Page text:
2106468: Constitutional Law Honors (Specifically in versions: 2014 - 2015, 2015 - 2022 (current), 2022 and beyond)
2106800: Florida's Preinternational Baccalaureate United States Government (Specifically in versions: 2014 - 2015, 2015 - 2022 (current), 2022 and beyond)
2107300: Psychology 1 (Specifically in versions: 2014 - 2015, 2015 - 2022 (current), 2022 and beyond)
2107310: Psychology 2 (Specifically in versions: 2014 - 2015, 2015 - 2022 (current), 2022 and beyond)
2108300: Sociology (Specifically in versions: 2014 - 2015, 2015 - 2022 (current), 2022 and beyond)
2109310: World History (Specifically in versions: 2014 - 2015, 2015 - 2022 (current), 2022 and beyond)
2109320: World History Honors (Specifically in versions: 2014 - 2015, 2015 - 2022 (current), 2022 and beyond)
2109330: African History (Specifically in versions: 2014 - 2015, 2015 - 2022 (current), 2022 and beyond)
2109350: Contemporary History (Specifically in versions: 2014 - 2015, 2015 - 2022 (current), 2022 and beyond)
2109410: Jewish History (Specifically in versions: 2014 - 2015, 2015 - 2022 (current), 2022 and beyond)
2109430: Holocaust (Specifically in versions: 2014 - 2015, 2015 - 2022 (current), 2022 and beyond)
2109810: Florida’s Preinternational Baccalaureate World History (Specifically in versions: 2014 - 2015, 2015 - 2022 (current), 2022 and beyond)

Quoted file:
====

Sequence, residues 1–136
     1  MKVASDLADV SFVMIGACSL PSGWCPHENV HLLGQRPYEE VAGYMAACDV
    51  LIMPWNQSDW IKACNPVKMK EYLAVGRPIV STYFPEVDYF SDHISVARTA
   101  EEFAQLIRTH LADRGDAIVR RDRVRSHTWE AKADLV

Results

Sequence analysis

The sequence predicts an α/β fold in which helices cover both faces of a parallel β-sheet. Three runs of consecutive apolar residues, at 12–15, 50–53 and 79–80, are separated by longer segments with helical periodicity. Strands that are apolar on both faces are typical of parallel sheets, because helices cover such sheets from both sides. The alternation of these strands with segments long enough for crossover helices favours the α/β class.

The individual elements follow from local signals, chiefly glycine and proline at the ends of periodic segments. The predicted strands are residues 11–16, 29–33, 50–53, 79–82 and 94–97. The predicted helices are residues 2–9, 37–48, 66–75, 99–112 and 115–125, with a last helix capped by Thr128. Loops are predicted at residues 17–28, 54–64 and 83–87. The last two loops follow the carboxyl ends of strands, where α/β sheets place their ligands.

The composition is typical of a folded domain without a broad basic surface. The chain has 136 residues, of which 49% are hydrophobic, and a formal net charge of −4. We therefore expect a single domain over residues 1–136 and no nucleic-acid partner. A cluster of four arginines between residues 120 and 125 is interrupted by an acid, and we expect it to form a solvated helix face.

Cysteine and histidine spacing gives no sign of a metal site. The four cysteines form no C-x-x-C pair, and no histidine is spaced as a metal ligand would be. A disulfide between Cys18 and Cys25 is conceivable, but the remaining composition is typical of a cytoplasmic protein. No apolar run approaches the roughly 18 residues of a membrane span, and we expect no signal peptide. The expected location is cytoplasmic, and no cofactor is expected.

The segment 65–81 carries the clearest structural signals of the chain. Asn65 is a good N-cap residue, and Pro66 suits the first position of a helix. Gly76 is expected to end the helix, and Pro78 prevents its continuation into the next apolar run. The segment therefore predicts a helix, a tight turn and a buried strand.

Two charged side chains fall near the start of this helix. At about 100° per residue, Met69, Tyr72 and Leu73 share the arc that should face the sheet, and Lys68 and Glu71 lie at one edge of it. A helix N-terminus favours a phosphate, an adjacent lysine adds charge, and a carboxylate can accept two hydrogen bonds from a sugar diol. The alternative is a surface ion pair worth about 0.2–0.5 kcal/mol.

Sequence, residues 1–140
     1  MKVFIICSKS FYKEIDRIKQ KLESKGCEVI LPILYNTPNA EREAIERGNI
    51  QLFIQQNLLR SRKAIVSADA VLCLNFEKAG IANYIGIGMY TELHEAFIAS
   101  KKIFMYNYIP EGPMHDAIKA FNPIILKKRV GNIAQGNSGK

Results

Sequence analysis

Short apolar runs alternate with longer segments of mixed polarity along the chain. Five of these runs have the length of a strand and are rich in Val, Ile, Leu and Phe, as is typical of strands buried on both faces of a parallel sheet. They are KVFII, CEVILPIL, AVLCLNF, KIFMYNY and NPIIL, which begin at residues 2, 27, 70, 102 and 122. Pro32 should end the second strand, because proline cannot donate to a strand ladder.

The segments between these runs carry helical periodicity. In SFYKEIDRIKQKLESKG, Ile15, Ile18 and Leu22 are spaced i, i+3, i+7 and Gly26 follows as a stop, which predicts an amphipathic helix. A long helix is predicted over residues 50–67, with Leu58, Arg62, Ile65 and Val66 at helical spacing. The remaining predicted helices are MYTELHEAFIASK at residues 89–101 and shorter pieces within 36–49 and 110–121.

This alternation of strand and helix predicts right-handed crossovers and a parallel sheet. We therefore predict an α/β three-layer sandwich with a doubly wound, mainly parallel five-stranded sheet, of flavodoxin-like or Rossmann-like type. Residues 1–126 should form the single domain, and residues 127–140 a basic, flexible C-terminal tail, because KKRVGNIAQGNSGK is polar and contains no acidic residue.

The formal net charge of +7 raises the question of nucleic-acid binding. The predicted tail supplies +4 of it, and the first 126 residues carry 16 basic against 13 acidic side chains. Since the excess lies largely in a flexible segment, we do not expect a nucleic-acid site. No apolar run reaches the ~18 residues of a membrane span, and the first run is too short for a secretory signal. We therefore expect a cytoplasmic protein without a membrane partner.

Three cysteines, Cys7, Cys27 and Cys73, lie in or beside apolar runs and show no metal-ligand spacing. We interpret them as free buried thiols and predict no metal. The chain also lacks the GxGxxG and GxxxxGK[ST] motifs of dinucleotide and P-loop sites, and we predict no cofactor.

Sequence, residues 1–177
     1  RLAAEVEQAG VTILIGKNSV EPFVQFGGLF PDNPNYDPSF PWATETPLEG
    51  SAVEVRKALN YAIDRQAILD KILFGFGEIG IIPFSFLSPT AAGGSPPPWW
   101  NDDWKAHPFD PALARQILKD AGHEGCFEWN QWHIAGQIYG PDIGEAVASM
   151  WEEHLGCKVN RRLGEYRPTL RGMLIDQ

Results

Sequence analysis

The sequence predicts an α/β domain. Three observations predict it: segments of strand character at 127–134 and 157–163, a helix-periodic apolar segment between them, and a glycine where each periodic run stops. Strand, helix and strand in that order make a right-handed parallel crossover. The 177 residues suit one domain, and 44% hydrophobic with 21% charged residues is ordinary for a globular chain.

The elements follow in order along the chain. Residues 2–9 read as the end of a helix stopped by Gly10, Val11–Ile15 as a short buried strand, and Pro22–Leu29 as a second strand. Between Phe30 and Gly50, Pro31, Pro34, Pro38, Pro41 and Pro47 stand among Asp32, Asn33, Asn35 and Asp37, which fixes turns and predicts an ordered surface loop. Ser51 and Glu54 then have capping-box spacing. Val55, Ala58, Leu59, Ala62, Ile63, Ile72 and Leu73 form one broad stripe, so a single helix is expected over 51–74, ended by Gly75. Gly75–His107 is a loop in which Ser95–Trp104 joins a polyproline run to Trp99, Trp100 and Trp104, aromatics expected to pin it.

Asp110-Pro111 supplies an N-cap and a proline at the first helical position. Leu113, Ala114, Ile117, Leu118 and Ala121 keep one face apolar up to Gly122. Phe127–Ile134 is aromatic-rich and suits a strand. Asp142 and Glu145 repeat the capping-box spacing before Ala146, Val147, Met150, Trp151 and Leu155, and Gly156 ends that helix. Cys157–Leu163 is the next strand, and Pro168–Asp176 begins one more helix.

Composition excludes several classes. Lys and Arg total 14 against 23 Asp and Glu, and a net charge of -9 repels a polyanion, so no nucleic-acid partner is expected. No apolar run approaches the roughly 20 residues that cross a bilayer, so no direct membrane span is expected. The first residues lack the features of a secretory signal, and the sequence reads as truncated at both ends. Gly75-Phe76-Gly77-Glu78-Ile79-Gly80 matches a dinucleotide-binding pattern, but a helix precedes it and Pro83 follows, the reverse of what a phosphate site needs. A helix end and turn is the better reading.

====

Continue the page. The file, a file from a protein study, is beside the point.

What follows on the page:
2100310: United States History (Specifically in versions: 2014 - 2015, 2015 - 2022 (current), 2022 and beyond)
2100315: United States History for Credit Recovery (Specifically in versions: 2015 - 2022 (current), 2022 and beyond)
2102315: Economics for Credit Recovery (Specifically in versions: 2014 - 2015, 2015 - 2019, 2019 - 2022 (current), 2022 and beyond)
2102335: Economics with Financial Literacy (Specifically in versions: 2014 - 2015, 2015 - 2018, 2018 - 2022 (current), 2022 and beyond)
2102340: Economics with Financial Literacy for Credit Recovery (Specifically in versions: 2015 - 2018, 2018 - 2022 (current), 2022 and beyond)
2102345: Economics with Financial Literacy Honors (Specifically in versions: 2014 - 2015, 2015 - 2018, 2018 - 2022 (current), 2022 and beyond)
2106315: United States Government for Credit Recovery (Specifically in versions: 2014 - 2015, 2015 - 2022 (current), 2022 and beyond)
2109315: World History for Credit Recovery (Specifically in versions: 2015 - 2022 (current), 2022 and beyond)
2105355: Philosophy Honors: Ethics (Specifically in versions: 2014 - 2015, 2015 - 2022 (current), 2022 and beyond)
1200335: Algebra 2 for Credit Recovery (Specifically in versions: 2014 - 2015, 2015 - 2019 (course terminated))
2104350: Engaged Citizenship through Service-Learning 1 (Specifically in versions: 2014 - 2015, 2015 - 2022 (current), 2022 and beyond)
2104360: Engaged Citizenship through Service-Learning 2 (Specifically in versions: 2014 - 2015, 2015 - 2022 (current), 2022 and beyond)
2100460: Eastern and Western Heritage Honors (Specifically in versions: 2014 - 2015, 2015 - 2017, 2017 - 2022 (current), 2022 and beyond)
2100335: African-American History (Specifically in versions: 2014 - 2015, 2015 - 2022 (current), 2022 and beyond)
2100336: African-American History Honors (Specifically in versions: 2015 - 2022 (current), 2022 and beyond)